Wheel of Decide - This is a fun website that has a customizable wheel in which you enter in options and then it spins and randomly selects a choice. This could be a fun way to decide a reward or you could play a game with it and have a math operation for a question that students must use or vocab/spelling words.

Handwriting Worksheets - You can make and print your own handwriting practice sheets from this website which is great since you can customize them to your needs.

Fun Brain - Fun Brain is a fun website for students to use to play educational games. The focus is on math and reading games.

Certificates 4 Teachers - I have used these once in a while to recognize students for their achievements and it makes it easy without having to spend time making something yourself. Just type in the info and your certificate is set!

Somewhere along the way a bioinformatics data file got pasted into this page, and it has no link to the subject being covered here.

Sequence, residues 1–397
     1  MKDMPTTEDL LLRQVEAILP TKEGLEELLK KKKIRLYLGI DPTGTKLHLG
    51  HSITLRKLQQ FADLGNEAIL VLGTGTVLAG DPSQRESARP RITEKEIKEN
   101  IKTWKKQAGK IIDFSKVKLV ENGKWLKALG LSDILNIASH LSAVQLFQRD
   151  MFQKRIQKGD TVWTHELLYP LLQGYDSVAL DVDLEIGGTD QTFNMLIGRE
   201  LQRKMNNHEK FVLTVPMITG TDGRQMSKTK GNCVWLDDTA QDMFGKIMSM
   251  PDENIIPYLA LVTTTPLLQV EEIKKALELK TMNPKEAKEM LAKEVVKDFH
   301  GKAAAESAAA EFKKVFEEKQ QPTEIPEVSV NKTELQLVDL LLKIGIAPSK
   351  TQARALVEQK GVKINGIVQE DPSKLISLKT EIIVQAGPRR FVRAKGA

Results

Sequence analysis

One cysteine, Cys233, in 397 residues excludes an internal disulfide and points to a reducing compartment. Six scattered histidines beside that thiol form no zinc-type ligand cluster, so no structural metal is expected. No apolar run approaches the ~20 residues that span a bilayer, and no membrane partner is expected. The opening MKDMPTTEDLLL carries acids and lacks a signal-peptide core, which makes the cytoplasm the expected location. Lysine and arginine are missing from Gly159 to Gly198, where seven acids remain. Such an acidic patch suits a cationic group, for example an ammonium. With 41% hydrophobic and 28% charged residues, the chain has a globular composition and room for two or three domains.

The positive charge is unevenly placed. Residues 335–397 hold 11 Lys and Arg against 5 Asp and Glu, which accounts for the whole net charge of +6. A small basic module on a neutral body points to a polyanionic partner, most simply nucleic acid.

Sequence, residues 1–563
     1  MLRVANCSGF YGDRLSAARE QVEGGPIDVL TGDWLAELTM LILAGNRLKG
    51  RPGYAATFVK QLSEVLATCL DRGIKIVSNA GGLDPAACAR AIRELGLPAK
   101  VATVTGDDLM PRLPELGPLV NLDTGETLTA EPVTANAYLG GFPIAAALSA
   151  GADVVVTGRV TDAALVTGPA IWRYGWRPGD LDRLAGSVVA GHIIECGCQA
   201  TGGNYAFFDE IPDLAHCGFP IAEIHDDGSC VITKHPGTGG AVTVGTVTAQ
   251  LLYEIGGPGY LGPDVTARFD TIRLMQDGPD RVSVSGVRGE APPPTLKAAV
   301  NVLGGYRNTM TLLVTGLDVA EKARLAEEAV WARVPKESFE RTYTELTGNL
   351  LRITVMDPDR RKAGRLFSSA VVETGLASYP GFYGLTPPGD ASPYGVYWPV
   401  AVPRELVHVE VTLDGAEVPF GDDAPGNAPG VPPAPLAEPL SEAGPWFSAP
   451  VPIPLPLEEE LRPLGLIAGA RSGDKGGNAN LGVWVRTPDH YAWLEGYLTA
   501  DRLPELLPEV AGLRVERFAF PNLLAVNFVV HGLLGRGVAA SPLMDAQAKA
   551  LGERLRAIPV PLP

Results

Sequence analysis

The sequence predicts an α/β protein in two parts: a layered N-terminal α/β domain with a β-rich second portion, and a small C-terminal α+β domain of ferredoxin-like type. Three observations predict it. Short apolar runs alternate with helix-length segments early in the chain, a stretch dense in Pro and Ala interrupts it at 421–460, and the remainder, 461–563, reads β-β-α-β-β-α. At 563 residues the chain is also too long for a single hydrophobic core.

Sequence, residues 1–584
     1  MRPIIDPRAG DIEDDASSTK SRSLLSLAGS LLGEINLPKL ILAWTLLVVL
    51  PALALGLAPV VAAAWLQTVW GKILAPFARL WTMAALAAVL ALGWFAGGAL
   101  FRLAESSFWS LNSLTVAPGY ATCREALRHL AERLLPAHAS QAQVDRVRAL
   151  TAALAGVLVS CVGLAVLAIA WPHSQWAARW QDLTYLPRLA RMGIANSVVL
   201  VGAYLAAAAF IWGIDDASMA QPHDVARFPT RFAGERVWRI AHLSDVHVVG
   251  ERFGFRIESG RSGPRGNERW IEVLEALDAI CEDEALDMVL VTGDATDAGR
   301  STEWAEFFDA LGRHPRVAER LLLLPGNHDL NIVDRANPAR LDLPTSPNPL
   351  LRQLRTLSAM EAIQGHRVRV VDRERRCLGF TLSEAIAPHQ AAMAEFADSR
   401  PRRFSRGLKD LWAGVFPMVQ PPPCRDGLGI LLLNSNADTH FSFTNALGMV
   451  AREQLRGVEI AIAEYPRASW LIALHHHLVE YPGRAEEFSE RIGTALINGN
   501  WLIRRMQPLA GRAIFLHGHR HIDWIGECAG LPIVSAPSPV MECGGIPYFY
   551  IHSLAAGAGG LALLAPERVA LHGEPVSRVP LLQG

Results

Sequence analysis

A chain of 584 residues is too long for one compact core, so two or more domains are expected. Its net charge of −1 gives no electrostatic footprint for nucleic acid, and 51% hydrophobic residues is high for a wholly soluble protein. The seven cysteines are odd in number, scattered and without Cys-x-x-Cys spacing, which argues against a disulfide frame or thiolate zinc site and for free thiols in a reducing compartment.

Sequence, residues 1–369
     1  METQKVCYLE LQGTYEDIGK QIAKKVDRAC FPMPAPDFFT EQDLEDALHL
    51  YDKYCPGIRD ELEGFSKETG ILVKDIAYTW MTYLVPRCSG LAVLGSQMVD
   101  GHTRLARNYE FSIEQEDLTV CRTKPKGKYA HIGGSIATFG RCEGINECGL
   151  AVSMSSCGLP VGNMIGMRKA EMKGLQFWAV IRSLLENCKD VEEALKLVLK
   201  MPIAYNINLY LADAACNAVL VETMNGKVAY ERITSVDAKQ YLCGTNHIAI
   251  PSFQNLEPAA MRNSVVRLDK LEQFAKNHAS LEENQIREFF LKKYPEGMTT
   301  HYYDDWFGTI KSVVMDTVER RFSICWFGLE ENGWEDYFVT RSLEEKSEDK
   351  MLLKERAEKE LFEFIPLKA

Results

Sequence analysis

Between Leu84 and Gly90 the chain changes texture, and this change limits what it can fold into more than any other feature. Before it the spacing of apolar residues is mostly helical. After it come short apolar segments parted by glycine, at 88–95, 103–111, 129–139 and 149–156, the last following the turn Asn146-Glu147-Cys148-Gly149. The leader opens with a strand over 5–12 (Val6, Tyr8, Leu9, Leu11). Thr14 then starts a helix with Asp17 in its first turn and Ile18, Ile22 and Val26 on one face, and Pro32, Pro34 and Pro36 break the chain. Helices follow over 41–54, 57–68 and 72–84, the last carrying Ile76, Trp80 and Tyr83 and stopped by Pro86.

Artsonia - I have mentioned this website before but feel that it is worth another mention. It is an online gallery where you can post your students' artwork for free. Students' parents can sign up and comment on their child's artwork. Also, students can buy things with their artwork on it and your school will get 15% of the proceeds which is nice as well. I have enjoyed this website very much over the years!

Thursday, September 11, 2014

Using Portfolios in the Classroom

One of the most effective tools I use to motivate and focus students is portfolios.  Many of my students have a difficult time staying on track, keeping up with their materials, meeting deadlines, etc.  When I give my students portfolios, it does several things to help them: 1) It puts all of their important due dates and assignments in one place that they find easier to keep up with.  2) It prioritizes assignments and puts them in an official file, communicating the importance of them for the students.  3) It becomes something that students take pride in and and responsibility for.

On the other hand, it is also helpful because it gives me a collection of their work to show parents and administrators how they are progressing.  When someone asks how my students are doing, what they are learning, if they are showing growth, or how I justify my students' grades, I have something solid to show them.

When I set up the portfolios, I do the following....